Catalogue description Catalogue of the papers and correspondence of; EDMUND BRISCO FORD FRS; (1901 - 1988)

This record is held by Oxford University: Bodleian Library, Special Collections

Details of NCUACS 14.7.89
Reference: NCUACS 14.7.89
Title: Catalogue of the papers and correspondence of; EDMUND BRISCO FORD FRS; (1901 - 1988)



SECTION B OXFORD NCUACS 14.7.89/B.1 - NCUACS 14.7.89/B. 11


SECTION C RESEARCH NCUACS 14.7.89/C.1 - NCUACS 14.7.89/C.120








The material is presented in the order given in the List of Contents. There are interesting records of Ford's research, lectures, publications and scientific correspondence.


Section A, Biographical, brings together obituaries and tributes, material relating to Ford's career, honours and awards, and photographs. Of particular interest are Ford's replies to a 'Questionnaire concerning the evolutionary synthesis' sent to him in 1974 (NCUACS 14.7.89/A.9) and Ford's own statement of his contributions to science (and archaeology) prompted by a 1982 Oxford Zoology finals question (NCUACS 14.7.89/A.10).


Section B, Oxford, is very slight. There are, however, reports on Ford's teaching and research 1946-58 (NCUACS 14.7.89/B.1) and material relating to Ford's opposition to the admission of women as Fellows of All Souls College (NCUACS 14.7.89/B.8).


Section C, Research, is the largest in the collection. There is material relating to Ford's early research in collaboration with J S Huxley on Gammarus chevreuxi (NCUACS 14.7.89/C.1, NCUACS 14.7.89/C.2) and work on Primula including correspondence and papers from W F Bodmer (NCUACS 14.7.89/C.65 - NCUACS 14.7.89/C.70). However, the most extensively documented research is that undertaken by Ford over many years on Maniola jurtina (NCUACS 14.7.89/C.4 - NCUACS 14.7.89/C.64) and Panaxia dominula (NCUACS 14.7.89/C.72 - NCUACS 14.7.89/C.111).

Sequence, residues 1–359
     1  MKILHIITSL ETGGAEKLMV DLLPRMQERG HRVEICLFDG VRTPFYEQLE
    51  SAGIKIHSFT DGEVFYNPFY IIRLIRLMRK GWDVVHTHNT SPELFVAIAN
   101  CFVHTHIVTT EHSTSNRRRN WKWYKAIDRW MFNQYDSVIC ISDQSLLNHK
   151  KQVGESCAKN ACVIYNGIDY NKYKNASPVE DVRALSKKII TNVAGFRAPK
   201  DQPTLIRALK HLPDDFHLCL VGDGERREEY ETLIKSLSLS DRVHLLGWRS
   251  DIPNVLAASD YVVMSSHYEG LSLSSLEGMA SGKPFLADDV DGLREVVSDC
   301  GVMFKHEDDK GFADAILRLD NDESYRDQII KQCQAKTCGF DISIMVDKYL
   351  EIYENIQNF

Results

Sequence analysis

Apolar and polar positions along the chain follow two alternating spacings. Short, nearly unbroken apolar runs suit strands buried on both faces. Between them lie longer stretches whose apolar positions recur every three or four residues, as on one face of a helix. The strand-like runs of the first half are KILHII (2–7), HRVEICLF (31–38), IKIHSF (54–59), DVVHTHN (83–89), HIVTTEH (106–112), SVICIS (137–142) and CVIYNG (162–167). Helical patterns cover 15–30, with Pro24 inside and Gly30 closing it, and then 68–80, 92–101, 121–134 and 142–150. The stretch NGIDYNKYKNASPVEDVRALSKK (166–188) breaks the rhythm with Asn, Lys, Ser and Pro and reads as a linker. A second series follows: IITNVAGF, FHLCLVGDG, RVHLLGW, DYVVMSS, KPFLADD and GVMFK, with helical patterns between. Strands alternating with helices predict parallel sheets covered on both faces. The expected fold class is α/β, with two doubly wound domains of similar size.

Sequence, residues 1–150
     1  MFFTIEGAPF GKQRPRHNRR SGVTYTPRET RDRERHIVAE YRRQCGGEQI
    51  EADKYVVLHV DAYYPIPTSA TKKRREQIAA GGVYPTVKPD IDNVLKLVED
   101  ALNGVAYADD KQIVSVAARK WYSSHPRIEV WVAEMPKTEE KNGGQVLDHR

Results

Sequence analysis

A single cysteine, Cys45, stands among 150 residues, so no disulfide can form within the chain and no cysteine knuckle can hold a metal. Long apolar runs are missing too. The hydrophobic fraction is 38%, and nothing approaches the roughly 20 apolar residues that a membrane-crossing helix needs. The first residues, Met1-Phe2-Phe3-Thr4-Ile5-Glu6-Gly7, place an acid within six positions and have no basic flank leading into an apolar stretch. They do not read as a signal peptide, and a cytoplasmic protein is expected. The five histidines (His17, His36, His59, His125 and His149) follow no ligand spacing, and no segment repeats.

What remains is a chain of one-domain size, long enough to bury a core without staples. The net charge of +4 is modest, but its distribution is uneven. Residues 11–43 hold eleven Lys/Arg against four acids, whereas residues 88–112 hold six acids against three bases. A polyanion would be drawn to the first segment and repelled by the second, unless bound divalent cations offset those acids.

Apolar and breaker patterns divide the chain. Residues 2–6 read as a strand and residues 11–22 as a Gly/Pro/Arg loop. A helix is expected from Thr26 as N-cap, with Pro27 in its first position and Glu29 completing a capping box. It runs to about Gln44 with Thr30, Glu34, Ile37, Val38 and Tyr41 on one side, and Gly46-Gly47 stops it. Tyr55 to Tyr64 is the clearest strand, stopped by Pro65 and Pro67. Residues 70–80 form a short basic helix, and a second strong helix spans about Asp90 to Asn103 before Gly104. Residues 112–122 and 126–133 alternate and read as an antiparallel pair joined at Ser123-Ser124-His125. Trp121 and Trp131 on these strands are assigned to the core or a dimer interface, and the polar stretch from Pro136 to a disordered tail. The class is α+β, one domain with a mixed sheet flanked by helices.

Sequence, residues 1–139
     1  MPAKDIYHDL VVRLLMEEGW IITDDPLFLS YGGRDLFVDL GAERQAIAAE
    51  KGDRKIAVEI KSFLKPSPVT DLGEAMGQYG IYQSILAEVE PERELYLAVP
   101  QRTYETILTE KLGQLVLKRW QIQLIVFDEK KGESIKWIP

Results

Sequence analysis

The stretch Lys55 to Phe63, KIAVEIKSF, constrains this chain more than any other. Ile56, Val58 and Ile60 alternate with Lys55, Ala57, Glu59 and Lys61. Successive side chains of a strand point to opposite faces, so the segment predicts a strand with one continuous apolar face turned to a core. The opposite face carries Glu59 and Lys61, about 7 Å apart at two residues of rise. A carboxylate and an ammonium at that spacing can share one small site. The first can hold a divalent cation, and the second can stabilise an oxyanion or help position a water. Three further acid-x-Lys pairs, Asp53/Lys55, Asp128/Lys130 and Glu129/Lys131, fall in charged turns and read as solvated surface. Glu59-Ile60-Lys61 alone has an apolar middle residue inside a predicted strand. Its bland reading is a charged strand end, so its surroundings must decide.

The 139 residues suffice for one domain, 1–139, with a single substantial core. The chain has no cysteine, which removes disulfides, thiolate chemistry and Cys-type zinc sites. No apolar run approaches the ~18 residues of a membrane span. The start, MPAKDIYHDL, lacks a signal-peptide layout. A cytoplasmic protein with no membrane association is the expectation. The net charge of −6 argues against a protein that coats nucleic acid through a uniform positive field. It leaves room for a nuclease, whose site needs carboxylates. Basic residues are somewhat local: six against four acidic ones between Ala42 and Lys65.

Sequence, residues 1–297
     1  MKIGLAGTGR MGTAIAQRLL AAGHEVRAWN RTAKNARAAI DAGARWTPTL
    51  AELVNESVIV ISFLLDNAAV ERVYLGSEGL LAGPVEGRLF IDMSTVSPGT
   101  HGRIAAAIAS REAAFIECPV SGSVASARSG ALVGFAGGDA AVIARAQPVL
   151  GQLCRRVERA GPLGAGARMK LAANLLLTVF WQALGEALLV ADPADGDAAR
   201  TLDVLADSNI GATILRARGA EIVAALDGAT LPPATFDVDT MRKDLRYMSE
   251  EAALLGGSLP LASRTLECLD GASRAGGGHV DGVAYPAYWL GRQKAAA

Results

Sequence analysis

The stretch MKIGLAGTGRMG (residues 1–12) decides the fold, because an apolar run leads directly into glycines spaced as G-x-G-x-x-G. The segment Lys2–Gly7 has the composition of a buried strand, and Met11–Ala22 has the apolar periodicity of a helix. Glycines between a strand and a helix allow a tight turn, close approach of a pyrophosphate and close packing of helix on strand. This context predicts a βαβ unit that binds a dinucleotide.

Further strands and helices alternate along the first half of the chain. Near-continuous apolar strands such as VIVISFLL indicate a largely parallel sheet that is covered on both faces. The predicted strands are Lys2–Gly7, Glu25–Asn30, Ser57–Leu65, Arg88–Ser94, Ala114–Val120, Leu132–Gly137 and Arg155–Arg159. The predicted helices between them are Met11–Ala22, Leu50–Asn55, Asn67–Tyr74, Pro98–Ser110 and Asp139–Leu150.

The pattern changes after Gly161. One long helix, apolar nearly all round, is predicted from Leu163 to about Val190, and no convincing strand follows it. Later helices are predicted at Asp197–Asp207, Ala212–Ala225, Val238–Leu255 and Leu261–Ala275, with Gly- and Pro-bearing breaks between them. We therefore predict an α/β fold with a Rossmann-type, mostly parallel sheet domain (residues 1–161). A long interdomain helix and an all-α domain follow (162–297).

Section D, Lectures and publications, documents Ford's university lectures and a number of Ford's books on genetics and archaeology. There are records of Ford's Zoology, Genetics, Medical Genetics and Statistics courses from 1939 to the early 1970s (NCUACS 14.7.89/D.1-NCUACS 14.7.89/D.6, NCUACS 14.7.89/D.8) and of Ford's books Moths (NCUACS 14.7.89/D.10 - NCUACS 14.7.89/D.13) and Ecological Genetics (NCUACS 14.7.89/D.22 - NCUACS 14.7.89/D.26), his Royal Society memoir of Th. Dobzhansky (NCUACS 14.7.89/D.27 - NCUACS 14.7.89/D.29) and 'The fogou near Boleigh, West Cornwall' with E Clark (NCUACS 14.7.89/D.35 - NCUACS 14.7.89/D.43). There is also correspondence and papers relating to the Festschrift edited by R Creed Ecological Genetics and Evolution. Essays in honour of E B Ford (NCUACS 14.7.89/D.16).


Section E, Visits and conferences, is very slight but includes material about an American Academy of Arts and Sciences Workshop on the Evolutionary Synthesis 1974 (NCUACS 14.7.89/E.6, NCUACS 14.7.89/E.7) and a Royal Entomological Society of London Symposium on the Biology of Butterflies 1981 which was dedicated to Ford (NCUACS 14.7.89/E.8).